Italian bonds fell, pushing yields toward euro-era highs, as the nation sold 7.5 billion euros ($10 billion) of debt at average yields above the 7 percent level that forced Greece, Ireland and Portugal to seek bailouts.
Ten-year Italian bonds dropped for the sixth time in seven days as the Rome-based Treasury auctioned 2014 notes at 7.89 percent, 2020 debt at 7.28 percent and 2022 securities at 7.56 percent. Belgian bonds rose for a second day even as the nation paid the most in three years to sell six-month bills. German 10-year yields were within four basis points of a three-month high before European finance ministers meet in Brussels to discuss the debt crisis.
“The problem is that Italy is issuing debt at just shy of 8 percent and if yields don’t come down in the medium term then obviously things could get pretty difficult,” said Huw Worthington, a fixed-income strategist at Barclays Capital in London. “Today’s auction itself was pretty good, it shows there’s demand out there.”
Italy’s 10-year yield climbed nine basis points, or 0.09 percentage point, to 7.32 percent at 12:38 p.m. London time, approaching the euro-era high of 7.483 percent reached Nov. 11. The 4.75 percent bond due September 2021 fell 0.515, or 5.15 euros per 1,000-euro face amount, to 82.095.
Two-year rates rose two basis points to 7.13 percent, after increasing as much as 26 basis points.
The Treasury sold 3.5 billion euros of a new three-year note, 2.5 billion euros of 2022 securities and 1.5 billion euros in 2020 bonds, less than its maximum target of a combined 8 billion euros.
Italy’s 10-year yield has climbed more than one percentage point this month and 2.5 percentage points this year amid concern the nation’s debt load -- bigger than that of Greece, Spain, Ireland and Portugal combined -- is unsustainable.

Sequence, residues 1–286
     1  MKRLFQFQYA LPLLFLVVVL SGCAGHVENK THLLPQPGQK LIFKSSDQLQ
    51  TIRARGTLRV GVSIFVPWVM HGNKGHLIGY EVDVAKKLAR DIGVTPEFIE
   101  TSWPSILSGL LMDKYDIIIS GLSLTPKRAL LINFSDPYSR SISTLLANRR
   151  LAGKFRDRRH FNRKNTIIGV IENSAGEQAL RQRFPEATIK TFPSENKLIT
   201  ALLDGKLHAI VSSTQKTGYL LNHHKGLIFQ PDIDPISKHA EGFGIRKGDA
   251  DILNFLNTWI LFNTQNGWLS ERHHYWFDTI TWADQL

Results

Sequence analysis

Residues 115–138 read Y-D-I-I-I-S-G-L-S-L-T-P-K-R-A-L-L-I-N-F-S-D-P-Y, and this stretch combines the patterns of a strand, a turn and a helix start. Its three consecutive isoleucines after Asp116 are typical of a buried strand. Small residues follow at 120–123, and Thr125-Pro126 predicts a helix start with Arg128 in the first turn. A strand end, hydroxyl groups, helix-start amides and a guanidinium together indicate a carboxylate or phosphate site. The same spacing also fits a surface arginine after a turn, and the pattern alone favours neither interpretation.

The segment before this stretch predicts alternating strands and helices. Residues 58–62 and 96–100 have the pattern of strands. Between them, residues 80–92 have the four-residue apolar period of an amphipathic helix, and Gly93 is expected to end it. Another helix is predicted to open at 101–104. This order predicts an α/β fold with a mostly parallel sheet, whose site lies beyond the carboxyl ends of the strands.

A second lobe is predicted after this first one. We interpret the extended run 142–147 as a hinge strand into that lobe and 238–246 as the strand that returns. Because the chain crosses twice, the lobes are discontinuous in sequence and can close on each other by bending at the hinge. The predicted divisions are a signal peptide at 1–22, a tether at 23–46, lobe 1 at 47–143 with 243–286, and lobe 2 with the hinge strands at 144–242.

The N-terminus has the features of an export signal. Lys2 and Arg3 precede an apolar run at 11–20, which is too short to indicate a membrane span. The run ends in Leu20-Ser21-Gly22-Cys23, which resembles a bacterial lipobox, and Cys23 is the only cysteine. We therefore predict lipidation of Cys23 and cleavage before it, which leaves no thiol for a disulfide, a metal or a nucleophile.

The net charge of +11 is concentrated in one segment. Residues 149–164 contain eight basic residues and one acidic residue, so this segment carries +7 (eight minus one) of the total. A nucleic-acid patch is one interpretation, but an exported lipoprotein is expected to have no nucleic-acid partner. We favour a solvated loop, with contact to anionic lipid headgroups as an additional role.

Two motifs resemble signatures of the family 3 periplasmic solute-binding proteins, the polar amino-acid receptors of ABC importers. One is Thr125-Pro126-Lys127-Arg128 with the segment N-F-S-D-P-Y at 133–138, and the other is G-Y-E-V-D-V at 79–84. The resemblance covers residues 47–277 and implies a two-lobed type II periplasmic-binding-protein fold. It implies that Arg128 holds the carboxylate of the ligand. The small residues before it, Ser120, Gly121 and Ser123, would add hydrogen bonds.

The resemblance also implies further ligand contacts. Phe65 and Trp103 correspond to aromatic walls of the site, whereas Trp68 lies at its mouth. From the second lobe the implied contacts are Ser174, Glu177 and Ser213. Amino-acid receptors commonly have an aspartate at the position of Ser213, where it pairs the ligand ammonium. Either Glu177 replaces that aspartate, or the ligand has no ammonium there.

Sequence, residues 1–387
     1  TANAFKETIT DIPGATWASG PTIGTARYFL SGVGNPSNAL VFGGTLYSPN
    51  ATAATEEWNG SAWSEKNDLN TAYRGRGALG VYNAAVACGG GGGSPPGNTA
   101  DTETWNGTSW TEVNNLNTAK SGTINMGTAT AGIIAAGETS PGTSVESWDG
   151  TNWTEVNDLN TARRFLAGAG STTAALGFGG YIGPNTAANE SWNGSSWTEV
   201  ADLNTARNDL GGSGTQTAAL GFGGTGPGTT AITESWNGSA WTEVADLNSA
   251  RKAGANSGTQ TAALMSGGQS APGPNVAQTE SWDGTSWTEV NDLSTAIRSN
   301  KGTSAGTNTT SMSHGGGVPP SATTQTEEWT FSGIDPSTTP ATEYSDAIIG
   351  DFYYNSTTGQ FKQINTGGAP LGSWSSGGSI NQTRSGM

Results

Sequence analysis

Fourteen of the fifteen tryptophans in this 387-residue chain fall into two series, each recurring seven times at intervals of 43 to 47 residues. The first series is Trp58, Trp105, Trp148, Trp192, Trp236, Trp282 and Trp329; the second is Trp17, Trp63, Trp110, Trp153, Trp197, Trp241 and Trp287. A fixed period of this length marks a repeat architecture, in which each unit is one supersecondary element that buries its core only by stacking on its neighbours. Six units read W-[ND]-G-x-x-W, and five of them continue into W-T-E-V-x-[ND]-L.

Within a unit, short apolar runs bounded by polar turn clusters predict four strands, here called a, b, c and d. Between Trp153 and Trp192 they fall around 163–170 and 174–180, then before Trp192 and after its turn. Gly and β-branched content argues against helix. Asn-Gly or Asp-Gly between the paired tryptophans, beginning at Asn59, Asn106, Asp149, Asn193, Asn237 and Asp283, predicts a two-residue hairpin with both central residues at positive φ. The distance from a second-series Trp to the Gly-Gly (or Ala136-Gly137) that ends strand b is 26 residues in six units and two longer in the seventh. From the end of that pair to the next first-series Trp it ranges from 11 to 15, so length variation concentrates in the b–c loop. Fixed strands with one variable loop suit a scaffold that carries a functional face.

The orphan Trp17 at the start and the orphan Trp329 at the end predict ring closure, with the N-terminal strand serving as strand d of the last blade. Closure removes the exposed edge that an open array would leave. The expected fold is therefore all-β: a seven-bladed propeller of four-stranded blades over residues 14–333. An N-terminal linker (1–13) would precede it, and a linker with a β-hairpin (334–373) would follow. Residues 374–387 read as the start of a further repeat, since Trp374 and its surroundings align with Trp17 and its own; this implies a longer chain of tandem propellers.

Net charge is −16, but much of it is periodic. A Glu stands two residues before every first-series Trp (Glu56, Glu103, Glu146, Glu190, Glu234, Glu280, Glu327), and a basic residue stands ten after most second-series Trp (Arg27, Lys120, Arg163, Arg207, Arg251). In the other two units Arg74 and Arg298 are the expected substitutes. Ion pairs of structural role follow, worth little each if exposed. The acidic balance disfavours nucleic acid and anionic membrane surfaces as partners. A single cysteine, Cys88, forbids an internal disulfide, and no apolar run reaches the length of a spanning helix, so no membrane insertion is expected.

“The problem is that the yields they are selling at are prohibitively high and that’s not going to change until the nation presents its budget and reform plans,” said Marc Ostwald, a fixed-income strategist at Monument Securities Ltd. in London. “You really need yields to go back below 7 percent to make them sustainable for Italy.”
Italy’s two-year yield climbed to a euro-era record of 8.12 percent yesterday as the nation sold 567 million euros of inflation-linked notes.
The European Central Bank began buying Italian and Spanish debt on Aug. 8, according to traders who saw the transactions, as it sought to contain a surge in financing costs. After bond yields in the two countries fell to around 5 percent that week, they climbed above 6.5 percent this month amid speculation the nations won’t be able to repay their debts.
The ECB said today it failed to fully offset the extra liquidity created by its bond-purchase program. Banks bid for a total of 194.2 billion euros for seven-day term deposits, less than the 203.5 billion euros the debt purchases have created since May last year, the central bank said.
Belgium’s 10-year yields fell 12 basis points to 5.45 percent after declining 29 basis points yesterday. Two-year rates dropped 38 basis points to 4.19 percent.
The debt agency in Brussels said it sold 502 million euros of three-month securities at an average yield of 2.185 percent, compared with 1.575 percent at the previous auction on Nov. 15. Investors submitted bids for 5.61 times the amount on offer, up from 1.45 times two weeks ago.
Belgium also sold 513 million euros of six-month debt at an average yield of 2.438 percent, versus 1.086 percent at the prior auction on Nov. 8.
Germany’s 10-year yield was little changed at 2.30 percent, after rising to 2.34 percent yesterday, the highest level since Aug. 16. Two-year rates were unchanged at 0.45 percent.
The Stoxx Europe 600 Index gained 0.5 percent and the euro strengthened 0.2 percent to $1.3352.
“The fact that Italy can still finance itself, even if it is at elevated levels, provides some relief to the market,” said Eric Wand, a fixed-income strategist at Lloyds Bank Corporate Markets in London.
Finance ministers from the 17-member monetary union meet today to debate using their bailout fund, the European Financial Stability Facility, to insure sovereign debt with guarantees.
German government bonds have returned 6.3 percent this year, according to indexes compiled by Bloomberg and the European Federation of Financial Analysts Societies. Italian bonds lost 11 percent.